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College Success: First Year Seminar's Effectiveness on Freshmen Academic and Social Integration, Impact on Academic Achievement and Retention at a Southern Institution
Increasing student retention and improving graduation rates continues to remain a critical issue for undergraduate institutions. Previous research suggests that student attrition is predominantly voluntary, and is influenced by institutional characteristics. The importance of academic and social integration as a strategy to reduce attrition is achieved with peer and faculty interactions (Tinto, 2002; Astin, 1993). First Year Seminars (FYS), designed to help students in their transition and promote such interactions, are in place at many higher education institutions. The purpose of this ex-post-facto, sequential mixed- methods study is to ascertain the influence of FYS attendance on student integration, academic achievement, and retention. This study focused on a voluntary, not for credit sample of freshman (N = 99) participants who responded to an online survey. Respondents were assigned to two groups, Group A attended 5 or less (n = 37) and Group B (n = 62) attended six or more sessions. Data analysis revealed that while the mean scores for Group B were greater than Group A, there were no statistical differences in the academic integration between Group A (M = 5.12, SD = 1.58) and Group B (M = 5.39, SD = 1.31); t = (95) = -.919, p = .176. Social integration measures provided similar results, Group A (M = 5.35, SD = 1.34) and Group B (M = 5.66, SD = 1.12), t = (96) = -1.206, p =.267. GPA comparisons between Group A ( M = 2.90, SD = 0.724) and Group B (M = 3.00, SD = 0.078), t (97) = -0.745, p = 0.46 reported no statistical differences. Retention for Group B (75.8%) was higher than Group A (64.9%); but chi-square analysis revealed no significant statistical differences X2 (1, n = 99), P = 0.24. Results of the regression analysis found no statistical significance of academic, social integration, and GPA contributing to retention. Qualitative analysis revealed that Group B's attendance in FYS provided them greater opportunities for campus involvement, whereas Group A cited the non-mandatory nature of the course and lack of credit as to why they did not attend. Results provide higher education personnel with a greater understanding of the First Year Seminar and its institutional value.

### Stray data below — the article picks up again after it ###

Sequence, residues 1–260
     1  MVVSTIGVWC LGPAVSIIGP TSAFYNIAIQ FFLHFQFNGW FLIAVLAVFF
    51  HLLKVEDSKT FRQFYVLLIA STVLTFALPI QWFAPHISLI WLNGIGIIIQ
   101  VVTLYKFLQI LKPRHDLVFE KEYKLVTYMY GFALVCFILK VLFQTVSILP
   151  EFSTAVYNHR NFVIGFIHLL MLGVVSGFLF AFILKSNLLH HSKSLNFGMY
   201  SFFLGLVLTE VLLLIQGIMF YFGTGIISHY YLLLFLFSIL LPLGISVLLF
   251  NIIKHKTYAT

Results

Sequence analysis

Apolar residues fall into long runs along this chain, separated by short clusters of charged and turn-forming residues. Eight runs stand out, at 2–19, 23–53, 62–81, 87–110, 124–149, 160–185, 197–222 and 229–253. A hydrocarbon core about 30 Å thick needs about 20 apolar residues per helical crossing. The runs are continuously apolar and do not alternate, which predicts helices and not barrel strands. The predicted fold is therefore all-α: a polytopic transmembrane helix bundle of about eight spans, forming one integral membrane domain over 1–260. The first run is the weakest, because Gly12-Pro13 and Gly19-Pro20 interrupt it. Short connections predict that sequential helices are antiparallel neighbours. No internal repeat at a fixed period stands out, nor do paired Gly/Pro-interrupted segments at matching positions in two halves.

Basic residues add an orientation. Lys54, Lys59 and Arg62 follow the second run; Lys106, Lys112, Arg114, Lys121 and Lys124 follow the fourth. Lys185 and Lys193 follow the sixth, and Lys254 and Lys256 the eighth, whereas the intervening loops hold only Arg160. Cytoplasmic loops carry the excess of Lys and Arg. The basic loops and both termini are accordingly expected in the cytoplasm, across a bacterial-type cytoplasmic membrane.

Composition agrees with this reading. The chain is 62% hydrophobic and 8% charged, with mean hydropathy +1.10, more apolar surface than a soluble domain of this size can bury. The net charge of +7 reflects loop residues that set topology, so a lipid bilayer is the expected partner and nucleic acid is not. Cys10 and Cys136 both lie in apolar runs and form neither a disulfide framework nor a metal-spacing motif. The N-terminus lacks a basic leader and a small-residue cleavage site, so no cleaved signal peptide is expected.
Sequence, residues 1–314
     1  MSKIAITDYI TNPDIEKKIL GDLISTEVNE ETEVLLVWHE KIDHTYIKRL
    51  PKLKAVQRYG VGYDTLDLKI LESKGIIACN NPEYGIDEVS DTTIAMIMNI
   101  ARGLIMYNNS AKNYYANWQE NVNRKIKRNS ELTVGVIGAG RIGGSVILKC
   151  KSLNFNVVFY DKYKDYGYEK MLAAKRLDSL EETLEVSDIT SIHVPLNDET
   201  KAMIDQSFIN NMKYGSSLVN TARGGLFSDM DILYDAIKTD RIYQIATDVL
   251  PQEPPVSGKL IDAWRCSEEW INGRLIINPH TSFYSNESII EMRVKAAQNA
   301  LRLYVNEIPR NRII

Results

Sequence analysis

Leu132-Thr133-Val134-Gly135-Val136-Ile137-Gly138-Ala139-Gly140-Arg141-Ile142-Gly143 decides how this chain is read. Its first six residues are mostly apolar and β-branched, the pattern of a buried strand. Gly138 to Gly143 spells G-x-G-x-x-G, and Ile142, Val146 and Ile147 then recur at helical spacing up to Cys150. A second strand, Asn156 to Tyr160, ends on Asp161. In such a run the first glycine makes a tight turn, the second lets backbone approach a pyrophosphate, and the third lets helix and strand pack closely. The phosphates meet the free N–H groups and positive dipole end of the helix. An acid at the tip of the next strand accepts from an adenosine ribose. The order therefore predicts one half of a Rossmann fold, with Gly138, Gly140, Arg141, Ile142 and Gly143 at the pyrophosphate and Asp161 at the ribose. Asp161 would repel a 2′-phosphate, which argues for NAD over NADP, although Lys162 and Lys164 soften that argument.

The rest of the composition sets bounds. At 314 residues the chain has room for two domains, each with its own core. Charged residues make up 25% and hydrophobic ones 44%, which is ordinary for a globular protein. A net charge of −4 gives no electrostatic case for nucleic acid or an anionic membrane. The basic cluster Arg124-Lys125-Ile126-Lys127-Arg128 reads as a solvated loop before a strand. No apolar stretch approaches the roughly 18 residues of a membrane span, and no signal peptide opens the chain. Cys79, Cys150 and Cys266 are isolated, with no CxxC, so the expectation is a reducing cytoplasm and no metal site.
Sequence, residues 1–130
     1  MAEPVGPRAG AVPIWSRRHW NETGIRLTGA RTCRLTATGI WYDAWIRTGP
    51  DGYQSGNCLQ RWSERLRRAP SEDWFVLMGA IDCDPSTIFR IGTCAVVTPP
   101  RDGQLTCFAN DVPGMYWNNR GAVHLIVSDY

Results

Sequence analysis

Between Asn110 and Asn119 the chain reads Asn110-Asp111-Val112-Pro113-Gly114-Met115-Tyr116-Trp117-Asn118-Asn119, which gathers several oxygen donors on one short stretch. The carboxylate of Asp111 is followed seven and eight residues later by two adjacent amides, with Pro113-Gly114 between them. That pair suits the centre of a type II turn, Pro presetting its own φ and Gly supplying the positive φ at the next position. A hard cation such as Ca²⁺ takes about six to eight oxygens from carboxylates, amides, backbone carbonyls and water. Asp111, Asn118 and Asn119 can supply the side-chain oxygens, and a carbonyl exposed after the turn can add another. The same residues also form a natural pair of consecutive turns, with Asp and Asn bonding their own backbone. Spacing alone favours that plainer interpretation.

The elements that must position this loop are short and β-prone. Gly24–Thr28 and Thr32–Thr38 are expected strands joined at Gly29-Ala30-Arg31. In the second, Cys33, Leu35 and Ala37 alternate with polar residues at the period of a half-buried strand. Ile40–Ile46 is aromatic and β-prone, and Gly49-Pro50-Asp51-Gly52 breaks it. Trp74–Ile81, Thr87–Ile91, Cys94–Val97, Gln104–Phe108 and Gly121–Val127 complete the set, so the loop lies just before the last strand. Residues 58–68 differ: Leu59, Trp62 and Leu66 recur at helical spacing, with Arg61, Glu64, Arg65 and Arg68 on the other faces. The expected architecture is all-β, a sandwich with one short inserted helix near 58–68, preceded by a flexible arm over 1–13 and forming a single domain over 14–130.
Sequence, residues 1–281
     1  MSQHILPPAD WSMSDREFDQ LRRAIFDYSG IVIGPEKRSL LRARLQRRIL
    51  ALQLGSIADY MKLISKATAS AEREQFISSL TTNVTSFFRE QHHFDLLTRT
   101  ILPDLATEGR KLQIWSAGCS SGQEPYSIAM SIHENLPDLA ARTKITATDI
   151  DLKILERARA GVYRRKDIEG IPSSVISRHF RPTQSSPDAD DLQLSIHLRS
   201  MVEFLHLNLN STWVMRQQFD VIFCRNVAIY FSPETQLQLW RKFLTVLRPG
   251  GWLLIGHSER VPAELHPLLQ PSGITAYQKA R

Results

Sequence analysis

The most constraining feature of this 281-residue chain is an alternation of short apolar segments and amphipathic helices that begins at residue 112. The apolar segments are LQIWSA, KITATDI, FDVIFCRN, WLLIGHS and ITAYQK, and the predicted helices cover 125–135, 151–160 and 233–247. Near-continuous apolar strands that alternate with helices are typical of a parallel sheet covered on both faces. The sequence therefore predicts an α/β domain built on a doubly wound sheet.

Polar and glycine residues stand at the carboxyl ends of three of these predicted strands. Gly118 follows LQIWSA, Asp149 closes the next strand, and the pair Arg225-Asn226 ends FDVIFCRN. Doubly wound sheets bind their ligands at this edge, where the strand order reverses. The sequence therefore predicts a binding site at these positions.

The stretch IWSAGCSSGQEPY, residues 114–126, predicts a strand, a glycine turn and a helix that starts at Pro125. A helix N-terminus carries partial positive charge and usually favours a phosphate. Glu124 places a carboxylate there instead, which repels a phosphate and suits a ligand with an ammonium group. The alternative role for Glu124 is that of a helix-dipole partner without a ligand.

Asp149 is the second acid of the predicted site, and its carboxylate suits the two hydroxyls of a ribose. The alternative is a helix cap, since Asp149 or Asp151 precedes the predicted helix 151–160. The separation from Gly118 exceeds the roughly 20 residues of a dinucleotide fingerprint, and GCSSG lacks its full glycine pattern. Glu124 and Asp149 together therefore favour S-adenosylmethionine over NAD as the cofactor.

Malik, Tarun, "College Success: First Year Seminar's Effectiveness on Freshmen Academic and Social Integration, Impact on Academic Achievement and Retention at a Southern Institution" (2011). Dissertation & Theses Collection. AAI3439885.